In a Divorce, Who Gets Custody of the Friends?

As I hit my late 40’s two things started to occur with great regularity. First, my busiest social activity became attending the funerals of friends’ parents. While sad events, for sure, they were also a wonderful opportunity to connect with those, “long-time friends that you just never seem to see much anymore”, you know…the college gang that still gets together once a year…maybe (in a good year)…but hey, a funeral makes such a gathering possible. Even out-of-towners come to town for a good funeral.

The second thing that started to happen was divorce.

unfriendBut unlike funerals, divorces are NOT a good bonding opportunity for long-time friends, just let me tell you. As the now unhappy couple splits…everything in their life is unhappily split, including friendships. And much like the question, “who gets the dog?” in a divorce,  another big question is which friends “go” with which spouse…who gets custody of the divorcing couple’s friends?

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Men (o) Pause – the real story

Linguistics experts will provide one explanation relating to the origins of the word, “menopause”. Their root analysis will have to do with the “end of fertility in a woman” or something equally simplistic. Those linguistics experts must all be men. There is nothing simplistic about the menopausal experience, and I am 100% convinced that the term, “menopause”, really originated from the root term, “Men Pause”… because that is what they do when confronted with their wife (or significant other’s) symptoms… What do you think?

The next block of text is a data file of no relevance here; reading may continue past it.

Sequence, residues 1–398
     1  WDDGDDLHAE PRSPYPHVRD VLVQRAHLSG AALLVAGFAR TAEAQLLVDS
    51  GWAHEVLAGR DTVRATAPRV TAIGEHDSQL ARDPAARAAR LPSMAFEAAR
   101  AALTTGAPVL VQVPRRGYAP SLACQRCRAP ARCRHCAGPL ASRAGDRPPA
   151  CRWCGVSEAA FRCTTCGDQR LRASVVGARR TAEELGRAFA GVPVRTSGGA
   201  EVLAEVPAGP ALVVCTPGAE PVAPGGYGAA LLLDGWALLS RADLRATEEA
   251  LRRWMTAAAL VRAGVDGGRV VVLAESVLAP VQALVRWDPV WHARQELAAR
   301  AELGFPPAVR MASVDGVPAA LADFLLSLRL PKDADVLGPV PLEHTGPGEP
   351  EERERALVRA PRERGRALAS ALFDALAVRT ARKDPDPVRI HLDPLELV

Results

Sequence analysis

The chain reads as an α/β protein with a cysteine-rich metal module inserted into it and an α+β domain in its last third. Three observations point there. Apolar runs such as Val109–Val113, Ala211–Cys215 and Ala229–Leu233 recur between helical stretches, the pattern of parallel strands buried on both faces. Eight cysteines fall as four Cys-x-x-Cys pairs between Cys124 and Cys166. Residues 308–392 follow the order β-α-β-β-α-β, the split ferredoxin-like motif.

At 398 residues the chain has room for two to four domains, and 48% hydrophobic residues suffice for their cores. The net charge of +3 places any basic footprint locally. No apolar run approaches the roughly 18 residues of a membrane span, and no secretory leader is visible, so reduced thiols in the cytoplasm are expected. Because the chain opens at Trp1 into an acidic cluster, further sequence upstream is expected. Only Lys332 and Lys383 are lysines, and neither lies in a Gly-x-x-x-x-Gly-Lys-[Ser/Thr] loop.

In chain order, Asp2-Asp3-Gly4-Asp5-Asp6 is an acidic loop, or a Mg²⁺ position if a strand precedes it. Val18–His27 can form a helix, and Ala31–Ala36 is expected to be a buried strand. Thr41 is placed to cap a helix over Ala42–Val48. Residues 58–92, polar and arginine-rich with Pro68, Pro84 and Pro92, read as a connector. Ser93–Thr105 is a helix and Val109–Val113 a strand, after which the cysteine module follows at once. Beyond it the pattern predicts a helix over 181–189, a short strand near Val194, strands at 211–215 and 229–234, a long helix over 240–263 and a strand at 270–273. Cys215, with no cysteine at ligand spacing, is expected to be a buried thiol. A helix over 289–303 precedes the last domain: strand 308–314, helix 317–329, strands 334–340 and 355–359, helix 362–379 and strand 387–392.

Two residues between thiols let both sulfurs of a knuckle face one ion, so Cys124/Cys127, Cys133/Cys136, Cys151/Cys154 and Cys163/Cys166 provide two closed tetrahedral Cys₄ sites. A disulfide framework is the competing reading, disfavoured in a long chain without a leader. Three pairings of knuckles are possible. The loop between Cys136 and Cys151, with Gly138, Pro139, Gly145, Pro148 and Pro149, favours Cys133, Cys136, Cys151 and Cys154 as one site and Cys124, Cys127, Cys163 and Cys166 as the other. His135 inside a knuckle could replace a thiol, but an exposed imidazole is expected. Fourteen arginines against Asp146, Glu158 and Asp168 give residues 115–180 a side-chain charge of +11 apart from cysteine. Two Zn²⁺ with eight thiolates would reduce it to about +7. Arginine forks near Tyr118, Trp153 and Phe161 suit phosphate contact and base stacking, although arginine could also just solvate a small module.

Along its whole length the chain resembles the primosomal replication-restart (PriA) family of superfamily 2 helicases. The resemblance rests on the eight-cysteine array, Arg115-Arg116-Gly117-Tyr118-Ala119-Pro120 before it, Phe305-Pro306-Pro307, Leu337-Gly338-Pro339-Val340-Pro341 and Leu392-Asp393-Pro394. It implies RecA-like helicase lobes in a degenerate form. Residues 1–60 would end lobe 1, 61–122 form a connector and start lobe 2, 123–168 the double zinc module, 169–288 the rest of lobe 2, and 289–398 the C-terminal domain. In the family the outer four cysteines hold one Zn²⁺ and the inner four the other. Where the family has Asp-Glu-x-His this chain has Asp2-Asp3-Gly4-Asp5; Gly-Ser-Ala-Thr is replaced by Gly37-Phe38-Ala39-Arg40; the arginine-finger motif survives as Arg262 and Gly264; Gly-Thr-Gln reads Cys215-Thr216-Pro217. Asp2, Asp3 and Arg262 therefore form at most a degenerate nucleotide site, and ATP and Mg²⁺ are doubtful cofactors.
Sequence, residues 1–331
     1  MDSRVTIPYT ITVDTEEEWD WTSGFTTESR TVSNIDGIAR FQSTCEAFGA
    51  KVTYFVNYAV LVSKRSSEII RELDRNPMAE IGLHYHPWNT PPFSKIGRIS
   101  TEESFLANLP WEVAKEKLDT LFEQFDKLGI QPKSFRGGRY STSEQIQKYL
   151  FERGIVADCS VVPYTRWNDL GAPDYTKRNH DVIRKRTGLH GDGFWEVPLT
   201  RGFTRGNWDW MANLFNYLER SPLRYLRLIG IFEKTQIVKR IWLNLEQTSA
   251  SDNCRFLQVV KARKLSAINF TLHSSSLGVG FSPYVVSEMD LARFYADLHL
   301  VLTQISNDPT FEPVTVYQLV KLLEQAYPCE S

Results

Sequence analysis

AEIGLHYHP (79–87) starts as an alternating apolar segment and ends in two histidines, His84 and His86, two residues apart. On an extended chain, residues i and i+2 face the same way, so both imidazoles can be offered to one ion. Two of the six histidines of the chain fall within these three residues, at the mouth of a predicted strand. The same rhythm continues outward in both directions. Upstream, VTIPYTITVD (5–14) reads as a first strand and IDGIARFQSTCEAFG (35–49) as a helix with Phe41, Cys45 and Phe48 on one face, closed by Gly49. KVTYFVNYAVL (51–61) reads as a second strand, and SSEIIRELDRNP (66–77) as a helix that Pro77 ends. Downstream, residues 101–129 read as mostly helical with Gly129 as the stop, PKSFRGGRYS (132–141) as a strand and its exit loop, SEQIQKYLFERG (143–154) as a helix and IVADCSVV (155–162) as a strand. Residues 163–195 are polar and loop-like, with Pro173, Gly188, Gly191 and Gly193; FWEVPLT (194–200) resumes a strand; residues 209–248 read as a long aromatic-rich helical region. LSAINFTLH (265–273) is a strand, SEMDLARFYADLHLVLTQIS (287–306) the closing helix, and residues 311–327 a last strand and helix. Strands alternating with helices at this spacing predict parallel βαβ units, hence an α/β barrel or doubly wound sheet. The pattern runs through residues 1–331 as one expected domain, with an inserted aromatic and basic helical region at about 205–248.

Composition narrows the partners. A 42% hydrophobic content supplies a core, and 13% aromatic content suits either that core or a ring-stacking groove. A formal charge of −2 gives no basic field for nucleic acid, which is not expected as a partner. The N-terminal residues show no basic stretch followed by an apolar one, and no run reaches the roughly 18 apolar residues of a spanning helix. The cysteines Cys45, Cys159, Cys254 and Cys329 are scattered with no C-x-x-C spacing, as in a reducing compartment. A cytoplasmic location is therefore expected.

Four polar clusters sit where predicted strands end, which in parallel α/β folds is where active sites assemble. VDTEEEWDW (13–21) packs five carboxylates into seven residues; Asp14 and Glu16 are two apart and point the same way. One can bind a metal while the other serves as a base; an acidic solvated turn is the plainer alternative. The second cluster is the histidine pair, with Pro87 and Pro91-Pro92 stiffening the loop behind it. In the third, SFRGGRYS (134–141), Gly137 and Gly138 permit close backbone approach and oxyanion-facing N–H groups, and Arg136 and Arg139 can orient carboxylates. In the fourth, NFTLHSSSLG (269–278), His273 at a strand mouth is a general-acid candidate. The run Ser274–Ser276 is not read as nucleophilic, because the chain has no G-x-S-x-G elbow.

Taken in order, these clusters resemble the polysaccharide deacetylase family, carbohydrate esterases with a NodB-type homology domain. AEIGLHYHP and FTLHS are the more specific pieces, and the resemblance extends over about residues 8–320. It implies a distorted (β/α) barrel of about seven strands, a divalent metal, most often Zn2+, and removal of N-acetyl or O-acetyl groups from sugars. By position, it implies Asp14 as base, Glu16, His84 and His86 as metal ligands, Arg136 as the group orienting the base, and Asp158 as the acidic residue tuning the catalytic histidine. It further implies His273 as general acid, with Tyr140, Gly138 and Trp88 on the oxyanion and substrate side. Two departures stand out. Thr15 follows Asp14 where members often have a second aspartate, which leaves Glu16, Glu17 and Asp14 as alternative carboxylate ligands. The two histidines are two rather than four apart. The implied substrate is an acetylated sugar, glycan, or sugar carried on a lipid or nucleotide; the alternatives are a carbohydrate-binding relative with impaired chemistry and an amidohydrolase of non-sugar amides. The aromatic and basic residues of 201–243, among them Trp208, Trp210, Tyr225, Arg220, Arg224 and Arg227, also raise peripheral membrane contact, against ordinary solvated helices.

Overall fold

menopause_mood_swings_large_mug

I’m sure there are a few men out there who actually do have the capacity to sympathize with the middle-aged women in their lives… perhaps running to turn on the air conditioner or providing a cold glass of water at just the right moment. My husband wasn’t one of them. His approach in life is more, “What you don’t acknowledge doesn’t exist.” So I could flash away and he wouldn’t flinch. Ever.

Some of my menopausal friends, though, have husbands who really seem to WANT to help or understand, maybe even engage with them when they are “experiencing symptoms”. But something usually stops them from being successful in their intent, because they PAUSE in their tracks. Is it that they fundamentally don’t know WHAT to do? Or is it something more? Is there something just taboo about a man trying to relate to a female issue involving blood and sexual reproductive organs? Or is it as simple as fear. My vote is fear.

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